Last month the Planet Repair Institute was visited by two officials from the City of Portland who were interested in learning more about our neighborhood’s efforts to manage our own biomass and organic matter locally and as a community. In light of massive budget cuts looming at the municipal level, city departments are at a loss to understand how they are going to continue providing existing services and maintaining municipal infrastructure.
At Planet Repair Institute, we are working with the city to answer this question by modeling ways that neighborhoods can be empowered to provide these services themselves, while building face-to-face connections between neighbors, instilling a sense of collected responsibility, reducing cost and energy expenses, keeping resources and efforts localized, not to mention keeping people fit and healthy!
Every Autumn, the trees in our neighborhood drop massive volumes of leaves onto paved surfaces that prevent nutrients from cycling back to the soil. The leaf litter also tends to clog sewers causing all the runoff in the neighborhood to flood our streets. The city of Portland has a leaf collecting service payed for by tax-payers, however we learned that 90% the leaves that the city collects ends up in landfills anyways! While the remaining 10% may be composed in municipal facilities, the entire process of transporting biomass to composting sites and then back to our neighborhood is energy intensive, costly and creates pollution.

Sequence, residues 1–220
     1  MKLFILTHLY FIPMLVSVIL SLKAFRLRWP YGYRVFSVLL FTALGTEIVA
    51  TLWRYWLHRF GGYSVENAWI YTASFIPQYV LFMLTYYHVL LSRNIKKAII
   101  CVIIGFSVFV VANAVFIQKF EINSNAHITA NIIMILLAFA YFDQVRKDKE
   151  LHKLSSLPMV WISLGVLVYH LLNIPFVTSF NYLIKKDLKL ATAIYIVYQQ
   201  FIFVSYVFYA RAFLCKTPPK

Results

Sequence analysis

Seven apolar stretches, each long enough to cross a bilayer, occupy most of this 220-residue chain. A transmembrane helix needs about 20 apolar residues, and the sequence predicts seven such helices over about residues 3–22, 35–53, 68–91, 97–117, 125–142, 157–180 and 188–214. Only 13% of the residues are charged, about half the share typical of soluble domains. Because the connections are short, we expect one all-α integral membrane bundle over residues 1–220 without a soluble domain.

With this in mind, we have been working on creative solutions to keep our biomass in the neighborhood and to cycle local nutrients back to our soils, while involving our whole neighborhood in the simple but revolutionary practice of stewarding our shared landscape. On several occasions this fall, we took to the streets as a large group to reclaim this leaf litter from the streets and sidewalks. We used the collected biomass to mulch the garden beds from our neighborhood co-op garden patches and local fruit trees. We also built slow decomposing “leaf mold” piles (leaves aren’t very desirable in large hot compost piles because bacteria don’t break them down very effectively, however, piling leaves in a “leaf mold” pile attract worms as well as fungi which slowly break the leaves down into beautiful humus).
We began reclaiming biomass on our own initiative simply because we understood all of the benefits of using this as a valuable resources rather than treating it as a waste product. But, as soon as these officials from the City of Portland caught wind of these efforts, they came to observed and to inquire how this model could be emulated or encouraged in other neighborhoods by providing tax breaks or other incentives. We envision our neighbor’s efforts to steward our own biological resources as something that may begin with leaf collection, but as municipal services continue to feel the crunch, this localized and co-operative model could also be applied to the management water systems, energy systems, waste disposal, and even humanure!